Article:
Developing behavior-driven tests for JEE web applications with Jbehave - Part 3

Posted by Dani Shemesh on December 19, 2018
Developing behavior-driven tests for JEE web applications with Jbehave - Part 3 | FullGC

This post is the third of a three parts series of articles about Developing behavior-driven tests for JEE web applications with Jbehave

Part 3 - Automate the tests and generate reports

Previously, we implemented the step cases in a Java code. In this part we’ll learn how to automate them and generate informative reports at the end of the run.

Identify implementation methods

You may recall we mentioned that Jbehave registered the Java implementation methods on start up. But how does it identify an implementation step?

Basically, these methods would have to override the configuration() method, which is part of the jbehave library. We have however, let ‘thucydides’ work for us. The ‘thucydides-core’ library (that comes with the ‘jbehave-plugin’), provides the ‘ThucydidesJUnitStories’ class. This identifies the ‘.story’ files and the links for the Java implementations. All we need is to have a Java class that inherits from it in the Java implementation root package:

import net.thucydides.jbehave.ThucydidesJUnitStories;
public class ApiBDDTestSuite extends ThucydidesJUnitStories {}

Final project structure:

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Running the tests

At this point, we can run the tests as Junit.

Running the tests manually

In order for the black-box tests to pass, we need to have a server up and running. To run the tests with the IDE, right click on the ‘jbehave’ package.

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In this fashion, we can run the tests quickly, debugging them and the server.

Automate the tests with Jetty(Maven plugin)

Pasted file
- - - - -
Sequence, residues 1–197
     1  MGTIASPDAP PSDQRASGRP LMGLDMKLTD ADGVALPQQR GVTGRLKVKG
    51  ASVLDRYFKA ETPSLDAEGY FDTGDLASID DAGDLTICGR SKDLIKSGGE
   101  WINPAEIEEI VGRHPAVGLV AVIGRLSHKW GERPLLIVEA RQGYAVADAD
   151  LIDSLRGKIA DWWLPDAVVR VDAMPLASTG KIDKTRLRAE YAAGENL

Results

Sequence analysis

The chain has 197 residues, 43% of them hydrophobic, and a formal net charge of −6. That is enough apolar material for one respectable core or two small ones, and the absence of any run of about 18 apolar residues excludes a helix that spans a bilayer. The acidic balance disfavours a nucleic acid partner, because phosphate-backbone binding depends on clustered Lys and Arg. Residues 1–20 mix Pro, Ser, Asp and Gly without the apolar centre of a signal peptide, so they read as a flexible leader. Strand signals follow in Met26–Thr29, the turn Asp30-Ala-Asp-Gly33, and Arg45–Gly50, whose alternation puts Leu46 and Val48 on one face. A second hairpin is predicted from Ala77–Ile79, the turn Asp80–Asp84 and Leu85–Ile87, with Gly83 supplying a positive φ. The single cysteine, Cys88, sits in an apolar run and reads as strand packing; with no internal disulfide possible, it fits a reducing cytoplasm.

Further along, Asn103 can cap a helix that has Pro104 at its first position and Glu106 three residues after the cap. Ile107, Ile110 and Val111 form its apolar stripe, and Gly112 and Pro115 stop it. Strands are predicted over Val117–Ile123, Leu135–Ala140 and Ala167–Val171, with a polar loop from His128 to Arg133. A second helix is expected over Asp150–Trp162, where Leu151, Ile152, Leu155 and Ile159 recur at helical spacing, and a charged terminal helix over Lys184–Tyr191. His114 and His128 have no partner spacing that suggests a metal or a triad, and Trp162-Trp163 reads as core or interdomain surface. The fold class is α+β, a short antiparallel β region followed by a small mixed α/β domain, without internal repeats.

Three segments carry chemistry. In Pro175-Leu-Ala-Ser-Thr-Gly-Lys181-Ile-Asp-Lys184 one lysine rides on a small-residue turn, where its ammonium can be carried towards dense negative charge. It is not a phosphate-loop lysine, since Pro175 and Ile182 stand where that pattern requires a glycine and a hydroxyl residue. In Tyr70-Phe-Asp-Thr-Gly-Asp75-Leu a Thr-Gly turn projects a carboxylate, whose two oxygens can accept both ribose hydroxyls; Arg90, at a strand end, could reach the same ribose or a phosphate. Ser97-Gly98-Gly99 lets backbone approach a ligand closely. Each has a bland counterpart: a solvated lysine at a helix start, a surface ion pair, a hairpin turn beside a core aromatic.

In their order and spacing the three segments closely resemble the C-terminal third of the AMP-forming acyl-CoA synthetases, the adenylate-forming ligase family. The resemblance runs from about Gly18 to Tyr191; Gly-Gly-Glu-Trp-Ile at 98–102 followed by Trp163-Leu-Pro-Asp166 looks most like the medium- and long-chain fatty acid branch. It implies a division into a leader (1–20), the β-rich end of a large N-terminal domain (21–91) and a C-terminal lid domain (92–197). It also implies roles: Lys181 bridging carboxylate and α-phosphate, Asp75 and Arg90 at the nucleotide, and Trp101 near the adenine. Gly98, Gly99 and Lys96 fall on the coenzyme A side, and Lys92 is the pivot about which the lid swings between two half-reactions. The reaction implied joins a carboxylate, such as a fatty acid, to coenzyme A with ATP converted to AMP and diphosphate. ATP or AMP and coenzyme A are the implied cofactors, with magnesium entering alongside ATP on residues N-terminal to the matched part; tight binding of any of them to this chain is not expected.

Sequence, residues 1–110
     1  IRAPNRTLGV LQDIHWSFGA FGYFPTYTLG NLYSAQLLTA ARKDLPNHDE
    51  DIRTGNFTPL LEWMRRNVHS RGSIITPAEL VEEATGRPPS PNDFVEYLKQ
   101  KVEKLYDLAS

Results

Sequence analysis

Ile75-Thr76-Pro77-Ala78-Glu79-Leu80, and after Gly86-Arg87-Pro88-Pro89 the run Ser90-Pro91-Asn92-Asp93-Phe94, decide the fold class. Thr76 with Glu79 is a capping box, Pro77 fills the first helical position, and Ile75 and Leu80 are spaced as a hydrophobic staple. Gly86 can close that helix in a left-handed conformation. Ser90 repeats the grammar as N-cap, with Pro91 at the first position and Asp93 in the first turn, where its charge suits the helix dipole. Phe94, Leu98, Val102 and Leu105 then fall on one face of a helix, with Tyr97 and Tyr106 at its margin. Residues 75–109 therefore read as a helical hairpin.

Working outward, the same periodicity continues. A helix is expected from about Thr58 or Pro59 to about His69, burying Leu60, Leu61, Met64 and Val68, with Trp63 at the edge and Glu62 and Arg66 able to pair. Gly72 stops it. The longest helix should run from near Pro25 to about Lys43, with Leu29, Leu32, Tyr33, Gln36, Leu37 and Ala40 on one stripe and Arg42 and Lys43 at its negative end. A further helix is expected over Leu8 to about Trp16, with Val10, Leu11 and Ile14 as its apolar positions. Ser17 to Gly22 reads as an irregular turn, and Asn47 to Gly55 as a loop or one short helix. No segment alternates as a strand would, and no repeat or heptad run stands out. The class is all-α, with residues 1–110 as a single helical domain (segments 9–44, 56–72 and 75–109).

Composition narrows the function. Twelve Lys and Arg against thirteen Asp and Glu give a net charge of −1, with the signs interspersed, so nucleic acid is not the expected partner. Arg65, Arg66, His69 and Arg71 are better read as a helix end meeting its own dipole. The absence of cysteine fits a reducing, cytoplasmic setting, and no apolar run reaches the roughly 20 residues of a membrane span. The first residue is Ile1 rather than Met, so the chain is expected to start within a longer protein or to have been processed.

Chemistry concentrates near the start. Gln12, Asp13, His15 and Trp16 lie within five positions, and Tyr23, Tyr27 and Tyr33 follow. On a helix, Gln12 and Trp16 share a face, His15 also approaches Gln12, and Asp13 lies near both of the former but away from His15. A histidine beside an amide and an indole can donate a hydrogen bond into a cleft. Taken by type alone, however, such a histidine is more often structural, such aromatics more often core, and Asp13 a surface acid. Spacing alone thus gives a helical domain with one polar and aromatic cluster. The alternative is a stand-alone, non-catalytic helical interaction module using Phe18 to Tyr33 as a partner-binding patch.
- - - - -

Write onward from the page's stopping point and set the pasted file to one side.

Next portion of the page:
What we really want is to test the Volcano server as part of the maven build, the ‘maven compile’ task. In this case, we need maven to start a Volcano HTTP server, run the tests, and get Volcano down.

Eclipse Jetty is an open-source project providing an HTTP server and javax.servlet container We’ll use a Jetty maven-plugin, to start a Volcano server on which the tests will be running.

The maven plugin should be configured as follows:

       <jvmArgs>-Xms1024m -Xmx2048m -XX:PermSize=256M -XX:MaxPermSize=512M</jvmArgs>
           <contextHandler implementation="org.eclipse.jetty.maven.plugin.JettyWebAppContext">

Note that:

  1. The server’s port needs to be available, you may want to declare a different port from the default that your server is using.

  2. The memory you declare allocated with the jvmargs needs to be enough to get the server up

  3. In ‘contextHandlers’ we provide the web application archive to be used. If you have multiple web modules in your project that need to be tested, provide them all.

  4. In the executions section we tell jetty to start before the tests are executed and stop afterwards. If we don’t explicitly ask that, then the jetty would stay up.

Test Summary Reports

Test Summary Reports are an important deliverable. They are needed to reflect test results in a clear way, allowing them to be analyzed quickly.

Jbehave storyReporter supports many report formats and will generate the reports for each step and story automatically after the tests have been completed in the /target/jbehave folder.

We’ll use another Thucydides maven plugin to generate some better-looking reports:


This will generate various reports automatically at the end of the Maven run, in /target/site.

The ‘index.html’ file that has been created is the most comprehensive, interactive report:

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A click on the ‘change password’ test (story) for example, would provide some additional data on each step result.

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You can zoom in with a click on the various test components to get results and statistics.

Wrapping up

Behavior Driven Development is a methodology for developing software through example-based communication among developers, QAs, and project managers.

With Jbehave, this means writing Given-When-Then scenarios to illustrate examples in a plain text, which links to Java implementation methods.

As part of our mission to create Blackbox tests in a BDD fashion for the Volcano application, we’ve covered some test cases, discussed design and challenges, and reviewed some post-compilation reports.

The complete code can be found in my GitHub.